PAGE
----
Vulnerability management is crucial for ensuring safety, operations, compliance, and information security in operational technology. By identifying and mitigating vulnerabilities in your OT environment, you can help to prevent disruptions to normal operations and maintain availability and reliability.
Where Does Vulnerability Management Start? Knowing Your Environment.
To kickstart effective OT vulnerability management, understanding your environment is key. It’s important for organizations to gain visibility into their systems, devices, and assets, from the edge to the core. This visibility into the environment should include relevant details about assets such as device type, manufacturer, software version, and configuration information. This data can then be used to map these assets to vulnerabilities, updates, and physical access, and keep your security and operations teams from becoming overwhelmed by the sheer volume of reported vulnerabilities.
Continuous observation and network monitoring also play a vital role in OT vulnerability management. By establishing a baseline of normal, expected behaviors, you can identify any deviations that may indicate potential vulnerabilities or compromised assets.
Working closely with the operations team to codify their knowledge of normal behaviors in each environment will significantly reduce noise and improve efficacy. Since operators know their systems better than anyone else, their knowledge and insight can be helpful in cutting through the noise of what needs to be investigated and which items are typical of the environment.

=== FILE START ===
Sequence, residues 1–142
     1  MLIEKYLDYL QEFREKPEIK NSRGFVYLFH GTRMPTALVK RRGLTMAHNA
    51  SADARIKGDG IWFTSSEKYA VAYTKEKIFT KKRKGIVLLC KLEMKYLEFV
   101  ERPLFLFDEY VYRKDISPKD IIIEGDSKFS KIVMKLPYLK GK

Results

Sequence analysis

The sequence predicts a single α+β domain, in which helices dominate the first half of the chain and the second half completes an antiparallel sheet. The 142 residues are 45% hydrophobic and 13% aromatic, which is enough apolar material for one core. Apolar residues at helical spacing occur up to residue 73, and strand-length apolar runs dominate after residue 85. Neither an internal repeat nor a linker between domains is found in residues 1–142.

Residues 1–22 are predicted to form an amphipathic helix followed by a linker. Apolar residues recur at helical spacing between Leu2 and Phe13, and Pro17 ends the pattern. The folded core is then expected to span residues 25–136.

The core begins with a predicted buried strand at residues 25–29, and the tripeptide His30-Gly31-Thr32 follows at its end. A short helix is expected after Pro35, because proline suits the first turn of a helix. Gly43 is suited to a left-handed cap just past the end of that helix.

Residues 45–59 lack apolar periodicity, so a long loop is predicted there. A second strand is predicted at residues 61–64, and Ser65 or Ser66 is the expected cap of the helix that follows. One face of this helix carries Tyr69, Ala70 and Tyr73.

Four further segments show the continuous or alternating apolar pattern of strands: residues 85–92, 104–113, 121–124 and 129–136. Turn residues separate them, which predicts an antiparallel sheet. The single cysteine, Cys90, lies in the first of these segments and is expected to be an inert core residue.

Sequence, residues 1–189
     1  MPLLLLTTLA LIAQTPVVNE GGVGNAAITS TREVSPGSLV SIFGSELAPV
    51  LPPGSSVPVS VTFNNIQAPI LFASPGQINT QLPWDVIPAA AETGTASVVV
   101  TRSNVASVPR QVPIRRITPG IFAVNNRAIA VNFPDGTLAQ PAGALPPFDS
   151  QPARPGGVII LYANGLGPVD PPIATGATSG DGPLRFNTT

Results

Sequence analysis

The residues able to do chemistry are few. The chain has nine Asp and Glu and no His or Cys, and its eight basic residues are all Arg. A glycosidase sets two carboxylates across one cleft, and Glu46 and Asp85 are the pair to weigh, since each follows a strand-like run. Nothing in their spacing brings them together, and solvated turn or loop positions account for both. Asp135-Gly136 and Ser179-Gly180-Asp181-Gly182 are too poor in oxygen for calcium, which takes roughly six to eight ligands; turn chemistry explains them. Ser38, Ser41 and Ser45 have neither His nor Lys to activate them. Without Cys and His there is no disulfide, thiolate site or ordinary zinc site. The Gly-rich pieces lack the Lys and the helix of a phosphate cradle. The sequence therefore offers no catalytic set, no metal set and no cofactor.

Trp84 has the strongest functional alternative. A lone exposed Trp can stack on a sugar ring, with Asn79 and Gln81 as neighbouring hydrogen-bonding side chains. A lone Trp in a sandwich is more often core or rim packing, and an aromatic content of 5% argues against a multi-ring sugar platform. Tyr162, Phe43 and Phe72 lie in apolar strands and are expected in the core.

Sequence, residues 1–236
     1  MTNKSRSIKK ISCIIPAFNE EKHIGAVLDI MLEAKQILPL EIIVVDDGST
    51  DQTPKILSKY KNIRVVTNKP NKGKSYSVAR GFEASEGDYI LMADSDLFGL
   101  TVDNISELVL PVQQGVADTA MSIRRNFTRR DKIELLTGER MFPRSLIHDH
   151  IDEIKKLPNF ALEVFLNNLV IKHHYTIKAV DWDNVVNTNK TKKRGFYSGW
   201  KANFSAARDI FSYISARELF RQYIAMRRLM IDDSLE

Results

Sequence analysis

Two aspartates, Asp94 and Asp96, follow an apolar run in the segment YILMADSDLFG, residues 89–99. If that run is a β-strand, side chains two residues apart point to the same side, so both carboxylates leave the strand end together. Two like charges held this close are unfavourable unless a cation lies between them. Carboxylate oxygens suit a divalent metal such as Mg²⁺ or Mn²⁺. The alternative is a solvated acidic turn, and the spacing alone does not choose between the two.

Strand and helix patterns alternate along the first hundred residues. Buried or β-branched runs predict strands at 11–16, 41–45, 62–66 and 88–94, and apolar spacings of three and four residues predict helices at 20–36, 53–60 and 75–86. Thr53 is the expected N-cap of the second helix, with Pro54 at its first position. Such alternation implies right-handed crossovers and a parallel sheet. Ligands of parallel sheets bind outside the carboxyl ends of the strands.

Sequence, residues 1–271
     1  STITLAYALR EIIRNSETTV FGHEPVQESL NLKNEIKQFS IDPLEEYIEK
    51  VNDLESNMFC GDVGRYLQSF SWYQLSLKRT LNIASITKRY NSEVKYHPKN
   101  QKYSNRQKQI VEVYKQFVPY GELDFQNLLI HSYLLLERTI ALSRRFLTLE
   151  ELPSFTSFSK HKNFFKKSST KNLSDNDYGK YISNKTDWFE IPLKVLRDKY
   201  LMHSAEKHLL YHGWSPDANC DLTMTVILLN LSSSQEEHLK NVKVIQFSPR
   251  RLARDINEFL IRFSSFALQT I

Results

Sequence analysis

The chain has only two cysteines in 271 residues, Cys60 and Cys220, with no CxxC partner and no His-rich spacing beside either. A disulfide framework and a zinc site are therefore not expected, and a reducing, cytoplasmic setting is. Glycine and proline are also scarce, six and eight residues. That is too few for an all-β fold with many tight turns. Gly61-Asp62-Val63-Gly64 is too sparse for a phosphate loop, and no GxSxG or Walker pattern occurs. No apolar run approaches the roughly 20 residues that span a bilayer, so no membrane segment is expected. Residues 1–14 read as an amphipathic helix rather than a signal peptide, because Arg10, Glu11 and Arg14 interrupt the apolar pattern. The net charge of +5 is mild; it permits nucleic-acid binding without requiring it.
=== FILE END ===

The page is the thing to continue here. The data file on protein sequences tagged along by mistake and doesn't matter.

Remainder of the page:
Finding Potential Vulnerabilities
Once you understand the environment(s) and assets you’re trying to protect, the next step is figuring out what you’re trying to protect them from. Identifying potential vulnerabilities requires staying up-to-date with the latest reporting resources and threat intelligence sources.
Monitor CVEs (common vulnerabilities and exposures) reported by reputable groups like CISA, and review security advisories and warnings published directly by vendors and OEMs.
The ICS Advisory Project provides several dashboard views of CISA-reported CVEs and other data to support vulnerability analysis.
Additionally, organizations can leverage tools like the CVSS (common vulnerability scoring system) and KEV (known exploited vulnerabilities) to identify and prioritize relevant vulnerabilities.
High CVSS scores can indicate threats that should be prioritized when remediating vulnerabilities, but it’s important to note that due to the unique nature of OT environments and industrial control systems (ICS), there may be no patch or remediation available for a reported vulnerability. Any vulnerabilities that appear on the KEV indicate that there have been observed, active attempts to exploit the vulnerability, which makes them a high priority in remediation.
When evaluating these scores and resources, consider associated factors like attack vector, attack complexity, the privileges required to conduct the exploit, and whether it requires user interaction.
For example, a vulnerability that requires local or physical access AND user/operator interaction for exploitation might not need to be addressed right away, especially if the affected device in your network is located in a segmented and physically secure area.